Eaton Corp. v. LIRC

Annotate this Case

122 Wis. 2d 704 (1985)

364 N.W.2d 172

EATON CORP., Plaintiff-Respondent and Cross-Appellant, v. LABOR & INDUSTRY REVIEW COMMISSION, Defendant-Appellant and Cross-Respondent, Robert J. PABELICK, Defendant and Cross-Respondent.[†]

No. 84-886.

Court of Appeals of Wisconsin.

Submitted on briefs December 11, 1984.

Decided January 21, 1985.

*705 For the defendant-appellant and cross-respondent the cause was submitted on the briefs of Bronson C. La Follette, attorney general, with Lowell E. Nass, assistant attorney general of counsel, of Madison.

For plaintiff-respondent and cross-appellant the cause was submitted on the briefs of Michael, Best & Friedrich, *706 with Lee J. Geronime and Thomas P. Godar of counsel, of Milwaukee.

Before Wedemeyer, P.J., Moser and Sullivan, JJ.


The Labor and Industry Review Commission (LIRC) appeals from the trial court's reversal of an LIRC order which determined that Robert J. Pabelick (Pabelick) should be awarded $12,000 for potential wage loss because of permanent disfigurement. Because there was credible and substantial evidence to support the LIRC's findings of fact and its legal conclusion was reasonable, we reverse the trial court.

On cross-appeal, Eaton Corp. (Eaton) argues that scheduled workers' compensation benefits are the exclusive benefits available to Pabelick for potential wage loss. The trial court held that Pabelick could recover scheduled benefits as well as potential wage loss. We affirm the trial court.

On January 17, 1980, Pabelick was operating a brake press machine for Eaton when he accidentally activated the machine and crushed the fingers on both hands. All of Pabelick's left-hand fingers were amputated at midjoint. Four fingers of his right hand were amputated. Eaton conceded liability and paid temporary total disability benefits, permanent partial disability and medical expenses. Pabelick then sought benefits under sec. 102.56, Stats., for potential wage loss due to disfigurement. A hearing on Pabelick's potential wage loss claim was held before an examiner for the Department of Industry, Labor and Human Relations. Pabelick was fifty-three years old at the time of the hearing. He had worked at Eaton for nearly thirty years, but had no special training other than that required by his job. Previously he had served in the army, had worked as an assembler and in a bakery. He had a tenth-grade education. Pabelick lacked the manual dexterity to return to his job as a press operator, but he returned to *707 work at Eaton as a driver of an electric truck. He was paid a lower wage as a truckdriver than he received as a press operator. Pabelick said he hoped to stay with Eaton until retirement. He ranked high on Eaton's seniority list and had a pension accumulating with the company.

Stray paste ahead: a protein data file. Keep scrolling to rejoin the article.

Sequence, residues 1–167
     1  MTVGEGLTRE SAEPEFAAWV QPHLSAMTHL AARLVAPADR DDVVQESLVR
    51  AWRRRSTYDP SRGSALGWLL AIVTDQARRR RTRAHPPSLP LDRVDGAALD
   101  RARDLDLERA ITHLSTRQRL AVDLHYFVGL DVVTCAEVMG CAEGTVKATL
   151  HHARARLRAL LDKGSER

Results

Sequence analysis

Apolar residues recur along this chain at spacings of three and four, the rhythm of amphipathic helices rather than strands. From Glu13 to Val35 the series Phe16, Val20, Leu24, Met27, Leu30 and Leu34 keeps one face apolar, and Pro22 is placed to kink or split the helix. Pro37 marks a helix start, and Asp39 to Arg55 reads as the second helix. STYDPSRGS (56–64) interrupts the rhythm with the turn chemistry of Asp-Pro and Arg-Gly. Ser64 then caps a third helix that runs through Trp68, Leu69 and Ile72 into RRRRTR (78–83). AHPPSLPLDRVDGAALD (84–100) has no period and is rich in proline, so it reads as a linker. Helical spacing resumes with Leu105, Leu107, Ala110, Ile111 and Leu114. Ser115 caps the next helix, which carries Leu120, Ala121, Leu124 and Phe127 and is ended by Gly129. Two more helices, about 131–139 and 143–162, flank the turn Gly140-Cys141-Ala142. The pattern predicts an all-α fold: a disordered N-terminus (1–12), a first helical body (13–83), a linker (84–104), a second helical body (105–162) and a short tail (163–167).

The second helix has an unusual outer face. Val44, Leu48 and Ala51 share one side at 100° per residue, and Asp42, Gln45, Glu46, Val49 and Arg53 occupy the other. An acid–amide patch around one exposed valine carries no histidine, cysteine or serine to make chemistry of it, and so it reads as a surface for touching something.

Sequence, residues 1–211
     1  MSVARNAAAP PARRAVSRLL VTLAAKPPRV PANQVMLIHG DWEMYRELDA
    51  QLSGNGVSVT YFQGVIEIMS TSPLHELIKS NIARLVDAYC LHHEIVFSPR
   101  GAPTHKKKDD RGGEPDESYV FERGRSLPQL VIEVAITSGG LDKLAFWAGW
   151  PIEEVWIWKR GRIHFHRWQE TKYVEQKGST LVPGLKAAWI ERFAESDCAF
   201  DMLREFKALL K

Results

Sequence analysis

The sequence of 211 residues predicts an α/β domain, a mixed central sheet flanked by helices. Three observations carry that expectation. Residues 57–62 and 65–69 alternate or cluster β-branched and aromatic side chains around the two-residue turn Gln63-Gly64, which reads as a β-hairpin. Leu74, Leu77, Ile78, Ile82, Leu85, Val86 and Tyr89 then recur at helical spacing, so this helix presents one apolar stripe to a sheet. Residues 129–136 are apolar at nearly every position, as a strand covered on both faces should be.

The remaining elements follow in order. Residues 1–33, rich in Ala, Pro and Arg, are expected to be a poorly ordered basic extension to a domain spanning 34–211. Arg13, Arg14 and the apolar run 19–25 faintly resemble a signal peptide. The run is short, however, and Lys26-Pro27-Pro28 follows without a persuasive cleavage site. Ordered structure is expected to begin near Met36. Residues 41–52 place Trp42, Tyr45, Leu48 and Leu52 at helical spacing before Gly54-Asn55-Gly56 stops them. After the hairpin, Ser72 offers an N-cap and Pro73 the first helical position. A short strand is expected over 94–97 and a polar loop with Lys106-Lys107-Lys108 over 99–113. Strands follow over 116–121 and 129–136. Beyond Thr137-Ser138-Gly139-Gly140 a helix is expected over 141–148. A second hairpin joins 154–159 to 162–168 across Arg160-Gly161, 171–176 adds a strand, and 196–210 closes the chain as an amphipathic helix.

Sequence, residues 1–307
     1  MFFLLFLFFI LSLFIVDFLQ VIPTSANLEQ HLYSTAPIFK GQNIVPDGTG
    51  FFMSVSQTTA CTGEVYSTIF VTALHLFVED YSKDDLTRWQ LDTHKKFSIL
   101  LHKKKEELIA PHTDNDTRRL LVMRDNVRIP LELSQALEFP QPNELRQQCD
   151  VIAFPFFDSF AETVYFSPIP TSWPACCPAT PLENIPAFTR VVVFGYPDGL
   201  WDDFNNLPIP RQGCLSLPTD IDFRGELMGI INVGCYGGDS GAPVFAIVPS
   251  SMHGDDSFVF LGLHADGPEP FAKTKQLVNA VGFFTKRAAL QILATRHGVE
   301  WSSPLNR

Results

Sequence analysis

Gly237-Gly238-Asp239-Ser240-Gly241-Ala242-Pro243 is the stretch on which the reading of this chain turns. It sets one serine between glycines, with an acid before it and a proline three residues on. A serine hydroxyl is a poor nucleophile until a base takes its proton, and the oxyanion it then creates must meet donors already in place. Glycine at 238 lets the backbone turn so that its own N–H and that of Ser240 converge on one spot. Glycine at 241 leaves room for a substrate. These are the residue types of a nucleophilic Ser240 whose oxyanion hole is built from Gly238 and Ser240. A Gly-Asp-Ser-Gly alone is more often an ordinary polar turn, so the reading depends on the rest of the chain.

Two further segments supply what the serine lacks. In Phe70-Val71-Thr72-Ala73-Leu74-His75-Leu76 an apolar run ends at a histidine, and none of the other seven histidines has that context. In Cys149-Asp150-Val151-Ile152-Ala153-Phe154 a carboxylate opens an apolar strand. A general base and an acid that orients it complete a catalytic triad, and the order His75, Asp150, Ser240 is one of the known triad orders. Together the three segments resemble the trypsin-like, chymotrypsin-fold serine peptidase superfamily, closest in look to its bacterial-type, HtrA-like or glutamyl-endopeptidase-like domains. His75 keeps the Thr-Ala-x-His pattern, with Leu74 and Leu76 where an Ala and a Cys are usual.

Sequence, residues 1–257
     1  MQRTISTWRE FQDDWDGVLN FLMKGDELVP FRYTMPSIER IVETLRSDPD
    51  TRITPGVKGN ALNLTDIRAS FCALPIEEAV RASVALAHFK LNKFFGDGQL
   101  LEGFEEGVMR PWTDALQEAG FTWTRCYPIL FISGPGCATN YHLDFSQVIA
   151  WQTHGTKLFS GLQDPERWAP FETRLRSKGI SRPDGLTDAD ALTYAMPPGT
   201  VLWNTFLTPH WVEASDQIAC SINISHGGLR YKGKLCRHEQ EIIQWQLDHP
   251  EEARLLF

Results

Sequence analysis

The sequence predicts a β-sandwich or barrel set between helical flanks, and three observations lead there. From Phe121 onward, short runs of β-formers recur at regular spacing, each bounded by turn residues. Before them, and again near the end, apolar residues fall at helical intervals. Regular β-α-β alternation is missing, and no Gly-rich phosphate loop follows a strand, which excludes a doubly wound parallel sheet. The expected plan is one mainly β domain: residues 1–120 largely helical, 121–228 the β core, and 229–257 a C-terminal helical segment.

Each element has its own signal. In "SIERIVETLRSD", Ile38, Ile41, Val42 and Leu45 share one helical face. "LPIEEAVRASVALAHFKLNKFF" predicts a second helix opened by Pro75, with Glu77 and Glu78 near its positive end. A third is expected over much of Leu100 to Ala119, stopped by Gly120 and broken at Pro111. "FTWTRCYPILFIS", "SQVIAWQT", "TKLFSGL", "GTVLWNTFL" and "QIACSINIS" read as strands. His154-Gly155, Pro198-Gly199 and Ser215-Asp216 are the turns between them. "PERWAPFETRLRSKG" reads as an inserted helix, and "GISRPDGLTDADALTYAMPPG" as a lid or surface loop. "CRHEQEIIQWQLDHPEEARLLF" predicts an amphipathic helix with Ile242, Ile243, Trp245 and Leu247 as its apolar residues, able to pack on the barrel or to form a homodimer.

The hearing examiner made the above findings and also found:

An award for disfigurement is made for all time, and the applicant, from the present date has approximately 17 years left in the labor market. Given the present and forseeable [sic] economic climate, the movement of manufacturing firms from the industrial Northeast and Midwest to other parts of the nation, there is no guarantee that the applicant will remain employed by the respondent, albeit, his substantial seniority provides some insulation from lay off.

The examiner considers the applicant's hands to be disfiguring and that such disfigurement would without question be noticable [sic] in any occupation and further finds that given the applicant's work history, age, education and his present employment status, the sum of $12,000 to be just compensation.

The LIRC affirmed the examiner's order and Eaton appealed. The trial court said that "[w]hile there is evidence sufficient to support an award," the matter should be remanded for further testimony regarding Pabelick's job security with Eaton and for an explanation of how the award was calculated. The trial court specifically noted that the record did not support the finding that in the present economic climate, and considering the movement of manufacturing firms from the Midwest to the sunbelt, there was no guarantee that Pabelick would remain employed by Eaton. The LIRC appeals the trial court's reversal.

The LIRC first argues that its determination of potential wage loss is a finding of fact and, because it alone may act as the finder of fact, the findings as to *708 Pabelick's disfigurement and potential wage loss must be upheld. Eaton counters that the question of whether Pabelick's disfigurement will occasion potential wage loss is a question of law subject to independent review by this court.

[1, 2]